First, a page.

3. Musical occasions and genres
The dispersed houses appear to be related to the paucity of collectively sung songs. Most singing in the Pityusans is done by one person at a time, rather than as a group, with some exceptions, especially in the old quarter of the capital city. Traditional music occasions include the cantada, a song gathering; the vetlada, a spontaneous evening with a few people living in the same area; or the xacota, a larger pre-arranged get-together for singing and dancing. During these gatherings, several people sing, but usually in turn rather than collectively. The xacota might be organized for a local fiesta occasion, or a work session requiring more than one person working together: for example, a pig-slaughtering or an almond-peeling session (Torres Torres 2000); Carnaval was another occasion which included music (Prats). Where on the peninsula songs sung on such an occasion would often be sung in unison, here they would be sung by each person in turn, trying out their new compositions, or learning one they had commissioned from another man or woman skilled in composing verses. In 2004, we interviewed a woman who had recorded for Alan Lomax at the age of fifteen; she explained to us how at the age of twelve she had walked hours to the home of a woman known for her versifying abilities. She requested from this woman a song which she would learn, to sing for the celebration her family was planning for the safe return of a young cousin from the wars. This was the same song she recorded for Lomax in 1952. She also told us that she herself at the time did not know how to read, but her mother, who came from a family where women learned to read, read the words aloud for her as the composer had written them down, so that she could learn them and practice the song. She sang it for us almost word-for-word identically to the version Lomax recorded her singing fifty-two years earlier almost to the day, including the last two lines of the text which unaccountably are missing in his recording.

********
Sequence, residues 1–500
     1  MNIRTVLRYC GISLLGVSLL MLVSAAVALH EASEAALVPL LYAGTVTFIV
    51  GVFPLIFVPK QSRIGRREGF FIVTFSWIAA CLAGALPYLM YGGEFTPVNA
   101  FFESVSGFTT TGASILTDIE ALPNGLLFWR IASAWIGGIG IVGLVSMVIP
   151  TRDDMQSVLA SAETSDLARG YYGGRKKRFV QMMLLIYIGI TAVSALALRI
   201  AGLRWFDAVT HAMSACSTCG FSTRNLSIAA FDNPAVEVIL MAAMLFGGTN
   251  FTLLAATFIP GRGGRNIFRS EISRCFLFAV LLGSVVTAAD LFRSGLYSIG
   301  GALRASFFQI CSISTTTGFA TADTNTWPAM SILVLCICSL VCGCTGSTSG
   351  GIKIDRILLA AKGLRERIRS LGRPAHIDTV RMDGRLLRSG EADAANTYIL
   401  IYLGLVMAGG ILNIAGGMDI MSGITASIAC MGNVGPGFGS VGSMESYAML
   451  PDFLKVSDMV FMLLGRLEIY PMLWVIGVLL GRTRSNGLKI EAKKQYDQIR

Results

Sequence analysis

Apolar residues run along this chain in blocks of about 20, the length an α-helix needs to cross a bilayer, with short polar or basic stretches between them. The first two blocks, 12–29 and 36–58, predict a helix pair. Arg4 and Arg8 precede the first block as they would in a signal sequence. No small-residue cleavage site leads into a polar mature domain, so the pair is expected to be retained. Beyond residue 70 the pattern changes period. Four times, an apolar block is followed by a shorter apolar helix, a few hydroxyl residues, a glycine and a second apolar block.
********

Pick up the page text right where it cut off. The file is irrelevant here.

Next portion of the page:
There is no tradition of the ronda, the group serenade tradition so common in other parts of Spain. It was unusual for young men to sing to the girl they were courting in the festeig, the unique courting procedure held at the girl’s family home over several nights, and to which interested young men would come on foot from several kilometres away. The girl, who would make her own choice from among the suitors, sat on the porch, or the kitchen in the winter, and one by one the men would take the empty chair provided and talk or sing for their allotted time. If they went over time, the mother or grandmother keeping track of the situation would throw them out, throwing pebbles or chickpeas at the offending young man to indicate that his time was up. Often several young me would walk together to a young girl’s home, and sing along the way: these songs might be sung collectively or separately. They were often of a not very subtle erotic nature.
Another common song tradition found in other parts of Spain, including Mallorca and Minorca, but not in the Pityusans, is the agricultural work song. When asked, people have often said they worked essentially alone rather than in groups, and that they used their working time to think of and softly try out words to new porfèdia’s and gloses for the next occasion where they would be called upon to sing. Samper already points this out in his account of his visit to the Pityusans in the 1920s.
Many people have divided Pityusan cultural life into before and after the advent of the hippies and the tourist trade. Today, musical occasions include contests and competitions, and formalized singing and dancing events organized at “official” levels, rather than the traditional gatherings in homes, bars, etc., although in Formentera the older tradition is still maintained to some extent. More than one older singer has complained that the busy, often noisy atmosphere is not conducive to singing or improvising words, or to the accustomed complicity among a small group of singers. One young researcher remarked that her own grandmother havng sung several times at the newer large, officially sponsored, events, felt that this changed her way of singing and the feeling behind it; that it no longer was a question of singing because one wanted to: singing in a public space was not, for her, “normal” (C. Mari). The new context is thus not simply a new context, but an agent of change in the singing itself.
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